"I don't know - it was a different era. Back then, he was playing in this and winning the Masters in the same year. I mean, it's really hard to say [but] I'd love to watch him play.''
Tackett acknowledged Snead's aggressive temperament, and floated a theory about how Snead would see Bradshaw.
"He was very confident in himself,'' Tackett said of Snead, "and in how he stood. You might get an off-color joke and, 'Well, he's pretty good, but he's still got 10 to go' - something like that.''
Bill Campbell, 90, the longtime amateur golfer from Huntington and a friend of Snead, first met the Slammer at age 14. Campbell said the two were "very close'' and even eulogized Snead at his 2002 funeral.
Campbell admitted that most of the time he saw Snead compete, it came in events where Snead walked away with the big trophy.
"I had the pure pleasure to watch him,'' Campbell said Friday from his home in Lewisburg, "and he was always the same - and I only saw him in winning situations. He was so long and so straight - the most phenomenal player of anybody pro or amateur in this state.''
Snead would sometimes get the reputation of being a sore loser, something that Campbell contests to this day. And Campbell had a pretty good look at one of those supposed occasions 60 years ago.
In the 1953 State Open, oddly enough also at Parkersburg Country Club, Campbell earned a four-stroke victory over Snead - one of just three Opens Snead entered in which he didn't win.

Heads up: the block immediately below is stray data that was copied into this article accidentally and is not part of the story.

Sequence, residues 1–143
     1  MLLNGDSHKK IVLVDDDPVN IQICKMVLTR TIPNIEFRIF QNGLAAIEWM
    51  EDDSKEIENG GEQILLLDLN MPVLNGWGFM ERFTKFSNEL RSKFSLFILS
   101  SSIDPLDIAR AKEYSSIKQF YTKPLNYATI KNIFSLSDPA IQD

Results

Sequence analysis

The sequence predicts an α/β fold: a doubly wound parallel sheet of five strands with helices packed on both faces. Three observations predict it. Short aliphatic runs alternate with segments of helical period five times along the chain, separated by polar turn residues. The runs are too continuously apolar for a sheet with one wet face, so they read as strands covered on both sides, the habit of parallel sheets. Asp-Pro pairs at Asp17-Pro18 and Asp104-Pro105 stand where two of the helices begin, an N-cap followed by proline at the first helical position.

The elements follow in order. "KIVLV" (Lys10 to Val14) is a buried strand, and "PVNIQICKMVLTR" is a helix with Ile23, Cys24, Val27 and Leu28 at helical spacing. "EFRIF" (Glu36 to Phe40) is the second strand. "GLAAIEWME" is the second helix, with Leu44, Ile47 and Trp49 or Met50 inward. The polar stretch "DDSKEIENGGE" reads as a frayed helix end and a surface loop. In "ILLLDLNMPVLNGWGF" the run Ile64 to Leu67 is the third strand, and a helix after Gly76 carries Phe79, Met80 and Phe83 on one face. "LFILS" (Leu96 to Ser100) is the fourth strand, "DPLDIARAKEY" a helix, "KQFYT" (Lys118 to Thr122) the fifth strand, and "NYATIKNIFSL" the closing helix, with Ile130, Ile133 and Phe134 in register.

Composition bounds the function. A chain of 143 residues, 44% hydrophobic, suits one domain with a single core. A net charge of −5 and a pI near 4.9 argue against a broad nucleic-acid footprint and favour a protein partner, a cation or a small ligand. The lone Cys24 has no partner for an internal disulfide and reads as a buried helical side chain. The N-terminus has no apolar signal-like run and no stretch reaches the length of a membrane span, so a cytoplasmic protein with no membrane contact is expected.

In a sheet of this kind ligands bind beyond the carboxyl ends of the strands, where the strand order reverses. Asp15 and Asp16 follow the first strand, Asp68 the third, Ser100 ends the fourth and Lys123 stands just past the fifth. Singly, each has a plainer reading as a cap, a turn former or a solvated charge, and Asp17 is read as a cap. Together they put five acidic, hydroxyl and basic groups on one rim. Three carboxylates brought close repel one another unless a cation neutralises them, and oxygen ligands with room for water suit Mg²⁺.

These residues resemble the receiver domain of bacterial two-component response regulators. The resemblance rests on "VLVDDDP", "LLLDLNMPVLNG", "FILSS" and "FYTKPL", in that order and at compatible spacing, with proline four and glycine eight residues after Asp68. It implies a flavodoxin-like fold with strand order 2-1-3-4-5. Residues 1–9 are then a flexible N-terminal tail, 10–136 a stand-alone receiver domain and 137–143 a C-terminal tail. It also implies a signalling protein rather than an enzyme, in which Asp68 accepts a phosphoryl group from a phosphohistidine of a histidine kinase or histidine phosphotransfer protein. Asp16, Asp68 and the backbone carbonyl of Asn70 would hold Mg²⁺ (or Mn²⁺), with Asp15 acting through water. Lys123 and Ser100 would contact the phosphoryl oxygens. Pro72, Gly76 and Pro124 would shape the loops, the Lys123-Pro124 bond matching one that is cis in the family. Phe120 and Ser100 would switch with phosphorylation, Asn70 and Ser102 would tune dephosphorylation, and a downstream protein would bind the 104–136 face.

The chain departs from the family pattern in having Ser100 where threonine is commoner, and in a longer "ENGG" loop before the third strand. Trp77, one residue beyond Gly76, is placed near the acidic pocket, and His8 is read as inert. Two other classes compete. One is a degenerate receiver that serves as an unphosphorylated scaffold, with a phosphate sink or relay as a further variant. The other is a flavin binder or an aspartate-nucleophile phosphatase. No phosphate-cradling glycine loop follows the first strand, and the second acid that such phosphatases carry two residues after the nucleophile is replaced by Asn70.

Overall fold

"I did beat him in the 1953 State Open,'' Campbell said, "which was a novelty because he, of course, was a far better player. I played awful well, and even won the driving contest. I was plain fortunate to have four good rounds.
"He got blasted by the press. Sam played right in front of me and when I won, he was in a [golf] cart. They thought that was bad sportsmanship. He wrote me a note later in the week and said he was running off to an exhibition in Canada and had to get to Charleston to catch an airplane. People misunderstood, and I didn't hear about the controversy until 15, 20 years ago. . . . He's been badly treated by people misunderstanding, and that still sticks out in my memory.
"Sam was super coming back to these [State Open] championships, and he won most everything he played in West Virginia.''
Reach Rick Ryan at 304-348-5175 or rickr...@wvgazette.com.